The length of things

by Vivienne Baillie Gerritsen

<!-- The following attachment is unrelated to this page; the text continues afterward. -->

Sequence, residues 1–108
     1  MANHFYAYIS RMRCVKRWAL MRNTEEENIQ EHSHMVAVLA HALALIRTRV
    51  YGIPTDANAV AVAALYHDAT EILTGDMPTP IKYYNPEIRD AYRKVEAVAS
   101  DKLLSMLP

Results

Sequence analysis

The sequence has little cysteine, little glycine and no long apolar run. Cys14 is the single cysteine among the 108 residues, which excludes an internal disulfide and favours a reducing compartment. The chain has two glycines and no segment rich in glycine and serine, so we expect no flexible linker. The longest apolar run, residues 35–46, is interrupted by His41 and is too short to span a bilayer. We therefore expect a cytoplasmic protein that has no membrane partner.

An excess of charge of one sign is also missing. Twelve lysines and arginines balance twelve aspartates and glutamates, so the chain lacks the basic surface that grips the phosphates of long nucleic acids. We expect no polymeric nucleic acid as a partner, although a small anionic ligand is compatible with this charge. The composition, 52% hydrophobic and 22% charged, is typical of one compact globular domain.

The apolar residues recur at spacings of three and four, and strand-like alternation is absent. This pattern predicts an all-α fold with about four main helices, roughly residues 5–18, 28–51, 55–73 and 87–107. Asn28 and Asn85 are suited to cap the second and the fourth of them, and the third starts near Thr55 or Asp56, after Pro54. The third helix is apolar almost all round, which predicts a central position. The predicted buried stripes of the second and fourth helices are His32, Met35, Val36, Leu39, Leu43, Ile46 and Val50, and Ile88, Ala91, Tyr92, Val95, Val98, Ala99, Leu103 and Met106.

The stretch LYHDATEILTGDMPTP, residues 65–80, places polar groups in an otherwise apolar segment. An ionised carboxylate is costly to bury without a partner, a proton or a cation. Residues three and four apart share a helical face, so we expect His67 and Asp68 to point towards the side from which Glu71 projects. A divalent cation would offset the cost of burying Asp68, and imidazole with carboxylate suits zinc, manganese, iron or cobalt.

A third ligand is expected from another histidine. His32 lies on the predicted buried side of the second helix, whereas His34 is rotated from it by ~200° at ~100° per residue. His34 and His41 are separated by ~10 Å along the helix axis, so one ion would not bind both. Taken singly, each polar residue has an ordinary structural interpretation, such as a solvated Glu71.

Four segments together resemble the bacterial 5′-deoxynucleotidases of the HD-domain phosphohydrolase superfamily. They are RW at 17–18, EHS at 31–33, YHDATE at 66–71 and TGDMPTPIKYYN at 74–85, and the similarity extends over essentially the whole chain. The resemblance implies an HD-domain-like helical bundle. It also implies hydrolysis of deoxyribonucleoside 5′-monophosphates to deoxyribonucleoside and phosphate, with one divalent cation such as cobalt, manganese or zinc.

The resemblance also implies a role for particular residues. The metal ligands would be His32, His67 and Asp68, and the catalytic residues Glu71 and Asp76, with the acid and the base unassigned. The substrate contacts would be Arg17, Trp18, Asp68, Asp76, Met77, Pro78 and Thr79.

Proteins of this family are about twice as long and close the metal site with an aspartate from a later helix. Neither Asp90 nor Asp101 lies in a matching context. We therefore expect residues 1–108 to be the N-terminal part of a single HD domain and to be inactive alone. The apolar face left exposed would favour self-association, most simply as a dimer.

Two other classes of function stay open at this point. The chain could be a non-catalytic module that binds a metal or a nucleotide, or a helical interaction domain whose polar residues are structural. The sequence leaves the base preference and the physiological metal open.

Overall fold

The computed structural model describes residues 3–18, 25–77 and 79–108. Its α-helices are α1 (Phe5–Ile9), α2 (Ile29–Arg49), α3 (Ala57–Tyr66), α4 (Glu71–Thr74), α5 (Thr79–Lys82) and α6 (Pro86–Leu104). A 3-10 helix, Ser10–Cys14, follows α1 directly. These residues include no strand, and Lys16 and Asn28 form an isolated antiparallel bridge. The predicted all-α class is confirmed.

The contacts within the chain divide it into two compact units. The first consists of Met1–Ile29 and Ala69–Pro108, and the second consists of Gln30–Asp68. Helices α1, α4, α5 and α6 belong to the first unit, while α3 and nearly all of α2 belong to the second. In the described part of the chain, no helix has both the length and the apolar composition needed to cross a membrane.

It is important to know when to stop. A cell has to know when to stop expanding. A flower's pistil and its stamen when to stop elongating. And a flagellum to stop extending. Because there is a fair chance that without this knowledge, it would be difficult to keep organisms alive. But how do all these various parts of living matter know when the time has come to stop growing? There must be a mechanism of some kind. A sort of molecular device which holds up a STOP sign, or acts as a means of measure when something has reached the required shape or length. Recently, such a scheme was discovered in the flagella of the alga Chlamydomonas reinhardtii; a ruler of sorts that defines not only the length of the units which make up the axoneme but also the nature of the flagellum's structure. This molecular yardstick is a protein known as coiled-coil domain-containing protein 40 - or CCDC40.

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